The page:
Star Ratings System With Firestore

In this lesson, we will build a five-star rating system from scratch with Angular and Firebase.

Knowing how to implement star reviews in Angular is an important skill for a developer because the same concepts are used for likes, hearts, votes, and many other common UX features.

Firestore Data Structure

How do we model star-ratings in a NoSQL database like firestore? In the SQL world, this is known as a many-to-many-through` relationship where Users have many Movies through Reviews AND Movies have many Users through Reviews

Firestore is a document database that is optimized for LARGE collections and SMALL documents. Learn more in the Firestore Data Modeling Guide

Example of a many-to-many-through relationship

Example of a many-to-many-through relationship

In the diagram above, we can see how the movies collection and users collection have a two-way connection through the stars middle-man collection. All data about a relationship is kept in the star document - data never needs to change on the connected user/movie documents directly.

Having a root collection structure allows us to query both “Movie reviews” and “User reviews” independently. This would not be possible if stars were nested as a sub collection.

Initial Setup

I am going to focus on the middle-man star collection because that is were all the magic happens. You can set up a similar data relationship between any two collections - users and movies could just as easily be rainbows and unicorns. If your app still needs a user auth system with firestore, please follow firestore OAuth lesson to get up and running quickly.

Our final product will look like this:

Realtime star reviews demo

Realtime star reviews demo

App Component

For this demonstration, I am going to manually create a few user documents and a movie document. As you will see, the StarService is completely independent, so you can easily drop it into your app. All you need is a reference to the two AngularFirestoreDocument objects that you want to connect.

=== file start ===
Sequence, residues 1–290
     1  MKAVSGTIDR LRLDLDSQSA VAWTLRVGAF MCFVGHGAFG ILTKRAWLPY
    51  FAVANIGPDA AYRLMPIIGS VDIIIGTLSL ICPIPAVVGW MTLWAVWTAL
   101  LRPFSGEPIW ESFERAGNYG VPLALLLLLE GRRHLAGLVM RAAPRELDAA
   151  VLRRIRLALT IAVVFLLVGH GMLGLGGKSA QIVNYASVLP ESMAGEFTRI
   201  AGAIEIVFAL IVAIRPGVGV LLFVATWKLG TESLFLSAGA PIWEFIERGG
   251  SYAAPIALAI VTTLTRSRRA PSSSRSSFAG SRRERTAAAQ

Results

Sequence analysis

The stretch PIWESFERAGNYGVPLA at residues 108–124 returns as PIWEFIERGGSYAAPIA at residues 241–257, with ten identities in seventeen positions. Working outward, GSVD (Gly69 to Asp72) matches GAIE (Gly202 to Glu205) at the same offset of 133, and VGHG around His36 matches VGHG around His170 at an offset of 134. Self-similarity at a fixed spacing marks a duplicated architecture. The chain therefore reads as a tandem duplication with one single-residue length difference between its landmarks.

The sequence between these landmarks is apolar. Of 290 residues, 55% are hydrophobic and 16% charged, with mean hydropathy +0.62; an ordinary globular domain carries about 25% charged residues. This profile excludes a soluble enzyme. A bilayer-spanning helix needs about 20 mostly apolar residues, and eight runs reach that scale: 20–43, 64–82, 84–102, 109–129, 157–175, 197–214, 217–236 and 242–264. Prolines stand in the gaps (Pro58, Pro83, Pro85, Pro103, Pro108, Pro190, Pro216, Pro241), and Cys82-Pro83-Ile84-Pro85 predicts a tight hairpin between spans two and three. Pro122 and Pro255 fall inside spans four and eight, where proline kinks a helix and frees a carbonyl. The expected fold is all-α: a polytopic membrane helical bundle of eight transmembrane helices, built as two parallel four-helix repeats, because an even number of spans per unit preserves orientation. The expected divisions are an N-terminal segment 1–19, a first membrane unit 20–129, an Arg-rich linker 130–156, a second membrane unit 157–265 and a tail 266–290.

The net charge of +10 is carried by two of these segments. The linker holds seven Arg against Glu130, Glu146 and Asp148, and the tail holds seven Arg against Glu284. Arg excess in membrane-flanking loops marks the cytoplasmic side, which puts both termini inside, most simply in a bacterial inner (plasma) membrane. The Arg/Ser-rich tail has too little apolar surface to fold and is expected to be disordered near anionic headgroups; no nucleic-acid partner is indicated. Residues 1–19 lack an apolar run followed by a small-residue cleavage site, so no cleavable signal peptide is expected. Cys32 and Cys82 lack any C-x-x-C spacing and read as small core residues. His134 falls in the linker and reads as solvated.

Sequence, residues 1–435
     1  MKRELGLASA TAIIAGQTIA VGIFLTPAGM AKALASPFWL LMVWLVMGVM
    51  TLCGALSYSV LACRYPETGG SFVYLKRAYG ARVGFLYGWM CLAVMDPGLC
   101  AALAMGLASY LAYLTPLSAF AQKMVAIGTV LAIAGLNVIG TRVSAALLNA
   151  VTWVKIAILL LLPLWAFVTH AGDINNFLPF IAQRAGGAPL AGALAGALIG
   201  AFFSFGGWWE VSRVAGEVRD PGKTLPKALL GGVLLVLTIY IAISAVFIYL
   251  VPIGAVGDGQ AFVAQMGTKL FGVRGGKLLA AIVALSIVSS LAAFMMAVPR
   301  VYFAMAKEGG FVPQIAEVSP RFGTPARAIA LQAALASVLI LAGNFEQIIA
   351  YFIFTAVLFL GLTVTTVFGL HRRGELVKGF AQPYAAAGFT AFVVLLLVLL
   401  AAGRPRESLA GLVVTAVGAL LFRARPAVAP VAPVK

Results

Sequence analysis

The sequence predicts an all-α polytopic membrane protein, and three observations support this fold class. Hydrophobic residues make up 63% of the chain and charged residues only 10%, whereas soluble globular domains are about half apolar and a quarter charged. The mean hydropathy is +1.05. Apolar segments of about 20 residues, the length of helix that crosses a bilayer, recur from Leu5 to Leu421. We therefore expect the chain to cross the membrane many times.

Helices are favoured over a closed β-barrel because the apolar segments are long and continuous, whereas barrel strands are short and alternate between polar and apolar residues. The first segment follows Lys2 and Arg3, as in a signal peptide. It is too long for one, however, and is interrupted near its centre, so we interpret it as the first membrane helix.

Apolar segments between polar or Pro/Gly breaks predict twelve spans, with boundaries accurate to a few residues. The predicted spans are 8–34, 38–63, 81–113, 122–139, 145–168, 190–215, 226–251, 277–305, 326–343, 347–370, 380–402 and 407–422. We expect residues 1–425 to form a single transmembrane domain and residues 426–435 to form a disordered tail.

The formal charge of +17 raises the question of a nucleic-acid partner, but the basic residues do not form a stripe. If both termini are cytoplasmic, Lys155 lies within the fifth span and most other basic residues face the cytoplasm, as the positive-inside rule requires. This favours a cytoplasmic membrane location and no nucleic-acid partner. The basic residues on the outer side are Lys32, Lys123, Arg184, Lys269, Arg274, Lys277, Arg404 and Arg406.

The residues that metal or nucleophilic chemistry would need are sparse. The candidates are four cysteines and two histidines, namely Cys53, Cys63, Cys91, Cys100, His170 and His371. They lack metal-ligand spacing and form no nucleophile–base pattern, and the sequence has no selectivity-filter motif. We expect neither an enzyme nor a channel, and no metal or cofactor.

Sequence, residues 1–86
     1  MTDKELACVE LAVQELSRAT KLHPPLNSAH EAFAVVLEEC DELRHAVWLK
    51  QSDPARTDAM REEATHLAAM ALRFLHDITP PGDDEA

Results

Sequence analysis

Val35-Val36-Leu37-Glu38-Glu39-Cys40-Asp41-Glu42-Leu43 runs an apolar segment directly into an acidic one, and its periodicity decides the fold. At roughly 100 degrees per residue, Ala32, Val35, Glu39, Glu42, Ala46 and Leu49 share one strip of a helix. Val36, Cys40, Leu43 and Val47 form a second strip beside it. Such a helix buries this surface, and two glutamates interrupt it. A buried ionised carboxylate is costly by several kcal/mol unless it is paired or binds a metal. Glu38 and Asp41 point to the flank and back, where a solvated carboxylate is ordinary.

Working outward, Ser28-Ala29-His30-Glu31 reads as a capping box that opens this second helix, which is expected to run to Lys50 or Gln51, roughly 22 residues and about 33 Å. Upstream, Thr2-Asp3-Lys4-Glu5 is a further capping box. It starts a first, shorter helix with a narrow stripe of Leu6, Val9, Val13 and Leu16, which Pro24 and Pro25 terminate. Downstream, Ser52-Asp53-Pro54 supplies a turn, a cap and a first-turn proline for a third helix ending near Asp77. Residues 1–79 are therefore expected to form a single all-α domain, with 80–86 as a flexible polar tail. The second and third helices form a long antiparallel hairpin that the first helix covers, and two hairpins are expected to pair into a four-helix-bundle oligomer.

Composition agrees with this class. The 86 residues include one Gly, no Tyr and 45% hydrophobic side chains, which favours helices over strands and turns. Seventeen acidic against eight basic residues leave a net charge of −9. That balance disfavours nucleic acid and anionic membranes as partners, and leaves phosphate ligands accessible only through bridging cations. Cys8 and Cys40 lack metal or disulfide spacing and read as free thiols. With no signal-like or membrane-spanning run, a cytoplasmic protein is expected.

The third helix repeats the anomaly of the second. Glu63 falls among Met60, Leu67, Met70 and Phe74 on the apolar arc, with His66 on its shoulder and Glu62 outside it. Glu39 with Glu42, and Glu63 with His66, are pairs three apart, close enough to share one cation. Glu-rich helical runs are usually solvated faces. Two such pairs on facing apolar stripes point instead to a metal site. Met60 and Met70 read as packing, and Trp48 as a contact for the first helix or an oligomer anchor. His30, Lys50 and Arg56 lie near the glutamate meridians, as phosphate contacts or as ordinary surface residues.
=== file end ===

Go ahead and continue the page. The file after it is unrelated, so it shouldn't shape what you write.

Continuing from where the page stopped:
Here’s what the database collections and documents look like in Firestore.

Star reviews in the database

Star reviews in the database

In the app component, we will make a reference to the current user and movie. In the real world, you would get your user from an auth service. Movies might come from a URL param or a collection of movies. These issues are not directly relevant to our star feature, so I am simply hard coding them in the app component.

I also created a couple of getters to retrieve the document ID from the AngularFirestoreDocument.

import { Component, OnInit } from '@angular/core';
import { AngularFirestore, AngularFirestoreDocument } from 'angularfire2/firestore';
import { Observable } from 'rxjs/Observable';

  selector: 'app-root',
  templateUrl: './app.component.html',
  styleUrls: ['./app.component.scss']
export class AppComponent implements OnInit {

  userDoc: AngularFirestoreDocument<any>;
  movieDoc: AngularFirestoreDocument<any>;
  user: Observable<any>;
  movie: Observable<any>; 

  constructor(private afs: AngularFirestore) { }
  ngOnInit() {
    this.userDoc = this.afs.doc('users/test-user-3')
    this.movieDoc = this.afs.doc('movies/battlefield-earth') = this.movieDoc.valueChanges()
    this.user = this.userDoc.valueChanges()

  get movieId() {

  get userId() {


The typescript getters will allow us to conveniently pass the document ids to a child component, which we are going to build later in the lesson.

<star-review [movieId]="movieId" [userId]="userId"></star-review>

The Star Service

ng g service star --module app

The star service will handle interaction with the stars collection in the Firestore back-end database.

  • Get reviews by User
  • Get reviews by Movie
  • Set/update a review relationship
import { Injectable } from '@angular/core';
import { AngularFirestore, AngularFirestoreDocument } from 'angularfire2/firestore';
import { Observable } from 'rxjs/Observable';

export interface Star {
  userId: any;
  movieId: any;
  value: number;

export class StarService {

  constructor(private afs: AngularFirestore) { }

  // Star reviews that belong to a user
  getUserStars(userId) {
    const starsRef = this.afs.collection('stars', ref => ref.where('userId', '==', userId) );
    return starsRef.valueChanges();

  // Get all stars that belog to a Movie